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Vale Don McMichael

ICOM Australia Don McMichael

We note with sadness the death on 10 Jun 2017 of Dr Don McMichael, long term Australian museum professional and advocate. Don made a remarkable contribution to both the Australian and international museum community. More


ICOM, NSW, MGA and the New World Order

Summary of recent developments by Alec Coles (Chair, ICOM Australia)

Forgive the acronym soup – which is supposed to be ironic. These are interesting times for ICOM Australia in just about every sense. It seems there are challenges and opportunities wherever we look.

Funding continues to be tight and getting hold of it increasingly competitive. I think that most people welcome the compromise on the Australia Council/Catalyst funding which returned much of funding to the Australia Council to support its work, but retained some catalyst funding which can be accessed by museums.
   
At the same time, there are increasing opportunities to mainstream the work that we do and increase its relevance.

National Roadmap for Research Infrastructure

Over the last year we have provided comment and advice on the National Roadmap for Research Infrastructure and I am delighted that, not only, is the Roadmap now published, but it includes some important proposals that will impact and upon and provide opportunities for our sector.
   
Particularly gratifying has been the focus on the Humanities, Arts and Social Sciences through the understanding Culture and Communities strand.  It is arguably the first time that ‘HASS’ has received such attention and focus and this should be of great encouragement to our sector.

I have listed some of the priority areas relevant to our sector in the following table:

Platforms for Humanities, Arts and Social Sciences (HASS)


Integrated and coordinated HASS platform: Explore integration of networks for coordinated access to physical collections and digital materials enabling the digitisation of priority specimens across all collecting institutions. This could include the sharing of digitisation infrastructure and standardisation of best practice for processes and interoperability with international research infrastructures.

Harmonised platforms for Indigenous research: Explore integration of existing institutional level capabilities across a range of data platforms: AIATSIS, ATSIDA PARADISEC, and NCIG linked to wider platform for integration across all digital collections and portals

Harmonised platforms for social sciences research:  Explore integration of social sciences data from multiple sources together with tools for analysis and visualisation. This should be linked to the broader integrated and coordinated approach to a HASS platform.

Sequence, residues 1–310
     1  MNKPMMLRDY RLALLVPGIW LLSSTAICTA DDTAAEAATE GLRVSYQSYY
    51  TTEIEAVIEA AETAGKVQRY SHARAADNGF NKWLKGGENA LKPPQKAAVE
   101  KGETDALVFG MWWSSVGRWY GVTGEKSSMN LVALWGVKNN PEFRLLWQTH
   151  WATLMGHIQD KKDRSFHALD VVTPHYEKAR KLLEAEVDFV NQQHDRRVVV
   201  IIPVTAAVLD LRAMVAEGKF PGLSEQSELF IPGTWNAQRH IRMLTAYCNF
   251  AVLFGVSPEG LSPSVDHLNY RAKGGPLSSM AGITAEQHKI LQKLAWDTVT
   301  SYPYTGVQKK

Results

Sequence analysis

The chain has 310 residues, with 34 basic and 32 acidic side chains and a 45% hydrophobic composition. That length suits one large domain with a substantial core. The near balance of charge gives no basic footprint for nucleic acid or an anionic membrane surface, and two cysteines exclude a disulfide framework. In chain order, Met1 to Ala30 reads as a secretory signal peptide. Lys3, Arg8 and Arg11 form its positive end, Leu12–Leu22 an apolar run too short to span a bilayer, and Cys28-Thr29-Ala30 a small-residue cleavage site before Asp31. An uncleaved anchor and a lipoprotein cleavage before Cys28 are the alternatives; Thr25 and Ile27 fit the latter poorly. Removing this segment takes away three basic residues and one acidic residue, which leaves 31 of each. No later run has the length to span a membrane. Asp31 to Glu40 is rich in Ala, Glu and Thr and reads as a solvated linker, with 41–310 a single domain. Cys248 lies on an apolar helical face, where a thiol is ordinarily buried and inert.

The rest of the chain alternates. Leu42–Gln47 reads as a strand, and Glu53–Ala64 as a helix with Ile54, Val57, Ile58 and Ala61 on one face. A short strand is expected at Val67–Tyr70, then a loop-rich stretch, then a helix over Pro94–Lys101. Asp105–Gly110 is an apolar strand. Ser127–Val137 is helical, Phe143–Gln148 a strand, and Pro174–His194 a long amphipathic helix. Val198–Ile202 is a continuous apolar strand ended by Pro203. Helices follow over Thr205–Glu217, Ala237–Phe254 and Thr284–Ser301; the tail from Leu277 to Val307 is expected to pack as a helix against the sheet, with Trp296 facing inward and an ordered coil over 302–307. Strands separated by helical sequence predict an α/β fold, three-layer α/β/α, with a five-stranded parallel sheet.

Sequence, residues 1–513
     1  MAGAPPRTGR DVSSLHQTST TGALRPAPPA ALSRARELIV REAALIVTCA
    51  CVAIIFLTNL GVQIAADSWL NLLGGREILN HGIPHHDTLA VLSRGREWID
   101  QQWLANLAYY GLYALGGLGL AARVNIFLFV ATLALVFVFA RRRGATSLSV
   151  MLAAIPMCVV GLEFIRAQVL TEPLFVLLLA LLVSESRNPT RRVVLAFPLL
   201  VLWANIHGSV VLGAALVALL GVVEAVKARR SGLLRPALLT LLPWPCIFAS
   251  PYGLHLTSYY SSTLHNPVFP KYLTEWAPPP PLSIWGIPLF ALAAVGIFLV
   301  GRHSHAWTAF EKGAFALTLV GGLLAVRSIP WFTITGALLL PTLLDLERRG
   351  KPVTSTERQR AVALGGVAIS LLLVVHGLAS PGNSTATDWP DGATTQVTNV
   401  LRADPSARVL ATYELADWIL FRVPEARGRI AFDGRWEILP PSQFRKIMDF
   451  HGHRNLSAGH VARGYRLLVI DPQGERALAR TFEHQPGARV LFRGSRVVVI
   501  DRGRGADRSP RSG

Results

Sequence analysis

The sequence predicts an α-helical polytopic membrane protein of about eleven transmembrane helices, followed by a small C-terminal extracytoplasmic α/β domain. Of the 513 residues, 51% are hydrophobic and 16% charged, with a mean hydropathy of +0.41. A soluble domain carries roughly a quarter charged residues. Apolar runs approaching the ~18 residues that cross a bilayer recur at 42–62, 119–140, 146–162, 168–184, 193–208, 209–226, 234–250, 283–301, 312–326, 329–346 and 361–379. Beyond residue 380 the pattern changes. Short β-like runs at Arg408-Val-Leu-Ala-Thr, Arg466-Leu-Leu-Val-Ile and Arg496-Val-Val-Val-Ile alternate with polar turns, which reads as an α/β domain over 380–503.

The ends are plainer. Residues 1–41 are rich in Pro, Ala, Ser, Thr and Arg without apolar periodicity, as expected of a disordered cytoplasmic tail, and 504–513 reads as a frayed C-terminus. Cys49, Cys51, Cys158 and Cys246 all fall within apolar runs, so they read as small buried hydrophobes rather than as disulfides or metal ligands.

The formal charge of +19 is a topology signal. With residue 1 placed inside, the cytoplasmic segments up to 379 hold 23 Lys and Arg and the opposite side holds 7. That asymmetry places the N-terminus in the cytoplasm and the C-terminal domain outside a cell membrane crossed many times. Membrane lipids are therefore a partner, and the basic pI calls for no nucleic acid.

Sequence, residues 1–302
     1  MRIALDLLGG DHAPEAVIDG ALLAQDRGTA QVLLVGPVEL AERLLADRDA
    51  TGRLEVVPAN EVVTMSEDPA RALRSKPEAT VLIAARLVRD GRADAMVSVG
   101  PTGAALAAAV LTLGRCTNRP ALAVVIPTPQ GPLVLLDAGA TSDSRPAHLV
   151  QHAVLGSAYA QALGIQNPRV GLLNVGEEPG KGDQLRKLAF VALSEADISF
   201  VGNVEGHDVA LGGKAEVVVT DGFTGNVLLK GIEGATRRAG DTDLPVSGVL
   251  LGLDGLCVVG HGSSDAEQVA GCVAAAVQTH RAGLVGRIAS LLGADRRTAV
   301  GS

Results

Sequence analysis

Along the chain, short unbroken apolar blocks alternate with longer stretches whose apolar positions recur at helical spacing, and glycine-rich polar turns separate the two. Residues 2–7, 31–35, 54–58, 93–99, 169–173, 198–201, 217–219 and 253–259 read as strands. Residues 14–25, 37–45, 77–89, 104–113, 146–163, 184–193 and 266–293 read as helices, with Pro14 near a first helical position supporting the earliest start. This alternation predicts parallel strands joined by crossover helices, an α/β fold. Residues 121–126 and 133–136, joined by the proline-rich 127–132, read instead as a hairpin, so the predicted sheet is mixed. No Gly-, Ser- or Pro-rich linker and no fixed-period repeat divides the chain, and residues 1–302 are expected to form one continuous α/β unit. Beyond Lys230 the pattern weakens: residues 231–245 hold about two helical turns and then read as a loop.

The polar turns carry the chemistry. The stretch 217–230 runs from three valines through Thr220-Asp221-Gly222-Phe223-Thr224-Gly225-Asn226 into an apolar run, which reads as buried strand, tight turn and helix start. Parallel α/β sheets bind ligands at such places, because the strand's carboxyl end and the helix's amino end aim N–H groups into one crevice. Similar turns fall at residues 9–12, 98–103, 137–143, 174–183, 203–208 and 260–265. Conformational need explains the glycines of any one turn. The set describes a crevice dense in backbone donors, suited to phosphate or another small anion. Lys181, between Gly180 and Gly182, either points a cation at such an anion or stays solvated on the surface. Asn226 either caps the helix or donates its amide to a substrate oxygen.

Maintain priority of the Australian Urban Research Infrastructure Network

Earth and Environmental Systems


Maintain priority for new biodiversity data streams to be integrated with existing environmental data platforms such as the Atlas of Living Australia.

Biosecurity

Enhance the capability and network of existing biosecurity testing facilities, including virtual laboratories and research communities.

Complex Biology

Networked bio banks : Explore opportunities to establish a national network to coordinate and enhance current biobank capability.

You can access the whole Roadmap:  here
 

Review of Museums in New South Wales

ICOM Australia provided a response to this important review following discussions with key colleagues in New South Wales.  Indeed, we were quoted in the Sydney Morning herald in relation to our comments on efficiency dividends.
   
At the time of writing, the Review has still not been completed, however, it is fair to say that it was rather hijacked by the debate around the relocation of the Museum of Applied Art and Science from its Powerhouse site in Ultimo. With respect to this, there seems to be some reflection on this proposal and ICOM Australia welcomes this opportunity for all parties to take stock and consider the options available.


Museums and Galleries Australia (aka Museums Australia in some states)

ICOM Australia has looked on with some disappointment at the schism that appears to have occurred between some art galleries and MGA. There are many reasons for this and it is not for me to comment other than to reiterate something that I said at the MGA Conference which is that this is an unfortunate distraction at a time when we should be working together in a concerted way to demonstrate the unity and purpose of our sector.